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In SQL injection an attacker can craft a string that if left unchecked and executed it can complete and execute arbitrary SQL commands.

Is there an equivalent to these kinds of attacks in JSP pages? Specifically, is an error handler, which only prints URL-passed parameters on screen, capable of executing arbitrary code this way?

EDIT: Original post above, obviously parameters should NEVER be passed to the system unchecked. In case of web-apps that handle any kind of CRUD operations over any kind of persistence records using parameters it's a must. The attack is known as HTTP Parameter pollution, or HPP.

Based on the "No system is 100% secure" mantra, I would like to know is something as seemingly inoffensive as printing the parameters can be abused.

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If all it does is print the parameters then the main attack vector is XSS.

Although this cannot execute code on the server, it can execute code in the browser.

So if an attacker sends a legitimate user a link

http://www.example.com/foo.jsp?foo=<script>alert(123)</script>

and when the link is followed the script code is executed in the user's browser by the page, then the page is vulnerable. Effectively the client side of the session is now under control of the attacker if the attacker had done something more evil rather than just displaying an alert box. For example, sending cookies to themselves or injecting a keylogger.

There are many variations on this attack and it doesn't have to be in the form of script tags.

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  • True. I guess some editions to the component in question are in order, and I'll make sure to never let pass something designed this way again. Jan 21, 2015 at 17:41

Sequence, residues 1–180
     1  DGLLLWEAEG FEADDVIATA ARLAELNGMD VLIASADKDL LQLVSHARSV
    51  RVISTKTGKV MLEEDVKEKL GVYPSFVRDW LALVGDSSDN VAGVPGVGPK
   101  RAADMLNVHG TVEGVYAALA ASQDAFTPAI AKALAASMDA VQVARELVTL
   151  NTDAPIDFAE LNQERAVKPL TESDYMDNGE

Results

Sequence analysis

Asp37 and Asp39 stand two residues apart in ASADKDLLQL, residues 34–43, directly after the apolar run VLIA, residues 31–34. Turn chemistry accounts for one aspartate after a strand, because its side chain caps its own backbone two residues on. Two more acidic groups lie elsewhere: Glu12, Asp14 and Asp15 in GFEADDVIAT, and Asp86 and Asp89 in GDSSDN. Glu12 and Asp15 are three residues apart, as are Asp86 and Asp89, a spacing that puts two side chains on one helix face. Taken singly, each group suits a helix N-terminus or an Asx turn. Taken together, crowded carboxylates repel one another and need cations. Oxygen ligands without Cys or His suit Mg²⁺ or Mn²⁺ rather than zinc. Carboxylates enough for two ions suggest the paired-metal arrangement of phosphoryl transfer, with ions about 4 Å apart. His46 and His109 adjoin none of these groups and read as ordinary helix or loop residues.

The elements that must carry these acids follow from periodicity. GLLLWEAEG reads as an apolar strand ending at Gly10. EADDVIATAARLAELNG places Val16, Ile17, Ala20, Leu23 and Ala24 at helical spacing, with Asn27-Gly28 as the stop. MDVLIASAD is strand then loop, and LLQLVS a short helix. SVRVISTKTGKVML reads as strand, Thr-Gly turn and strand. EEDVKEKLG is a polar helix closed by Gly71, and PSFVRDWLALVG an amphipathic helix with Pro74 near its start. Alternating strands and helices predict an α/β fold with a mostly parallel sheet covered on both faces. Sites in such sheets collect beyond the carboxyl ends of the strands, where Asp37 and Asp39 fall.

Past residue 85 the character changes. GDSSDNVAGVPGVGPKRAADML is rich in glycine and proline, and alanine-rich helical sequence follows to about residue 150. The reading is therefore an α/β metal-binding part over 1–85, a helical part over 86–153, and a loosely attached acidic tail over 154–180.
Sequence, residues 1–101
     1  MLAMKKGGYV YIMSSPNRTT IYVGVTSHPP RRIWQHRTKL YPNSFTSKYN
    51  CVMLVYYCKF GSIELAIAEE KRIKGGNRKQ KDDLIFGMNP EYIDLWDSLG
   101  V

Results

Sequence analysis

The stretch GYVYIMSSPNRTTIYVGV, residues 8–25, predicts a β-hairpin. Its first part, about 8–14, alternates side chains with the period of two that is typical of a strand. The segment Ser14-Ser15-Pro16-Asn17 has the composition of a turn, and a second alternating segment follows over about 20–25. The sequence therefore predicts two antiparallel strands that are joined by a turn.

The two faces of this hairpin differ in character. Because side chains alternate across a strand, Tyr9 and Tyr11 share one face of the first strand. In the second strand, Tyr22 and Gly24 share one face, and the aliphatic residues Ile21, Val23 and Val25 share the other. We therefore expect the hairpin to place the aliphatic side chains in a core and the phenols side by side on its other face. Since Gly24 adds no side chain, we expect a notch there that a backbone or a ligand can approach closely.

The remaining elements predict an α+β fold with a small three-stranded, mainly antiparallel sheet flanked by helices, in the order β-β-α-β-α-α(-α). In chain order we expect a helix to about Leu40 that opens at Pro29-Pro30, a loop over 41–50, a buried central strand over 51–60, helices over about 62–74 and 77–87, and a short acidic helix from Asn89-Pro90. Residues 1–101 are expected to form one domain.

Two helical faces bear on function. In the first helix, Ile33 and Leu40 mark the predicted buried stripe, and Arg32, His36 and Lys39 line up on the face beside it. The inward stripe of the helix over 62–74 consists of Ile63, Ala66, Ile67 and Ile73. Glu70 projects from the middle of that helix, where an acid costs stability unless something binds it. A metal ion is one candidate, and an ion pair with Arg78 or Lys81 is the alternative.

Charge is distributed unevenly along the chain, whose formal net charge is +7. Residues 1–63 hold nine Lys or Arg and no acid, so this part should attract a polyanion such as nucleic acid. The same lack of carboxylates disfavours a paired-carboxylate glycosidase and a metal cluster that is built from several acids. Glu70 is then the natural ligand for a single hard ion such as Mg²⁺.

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Executing arbitrary code is doubtful, other forms of injections are a possibility.

Things such as HTML injection or even XSS might occur if the input is not properly checked and/or output encoding is not performed.

Also consider the possibility of phishing and non-persistent defacement.

An error handler should never be dependent on GET parameters and should only display minimal information. It is recommended not to use a GET parameter to generate an error message.

Hope this helps!

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As mentioned above, your primary attack vector for displaying query string parameters would be XSS vulnerability. If this data never goes to a persistent layer it is known as a Type II (Reflected) XSS attack.

You should always consider the context in which untrusted data is presented. Many modern templating/web frameworks like Jinja and Angular provide automatic contextual escaping. Even so , you should still be validating and sanitizing all untrusted data that you come in contact with.

If an attacker knows your query string parameters are not being sanitized, he could create a parameter that sends a session cookie to a remote server, quite easily. This is why you must always practice defense in depth in security. HttpOnly (if using cookies) / Content Security Policy / Sanitization / Validation / Encryption, etc...

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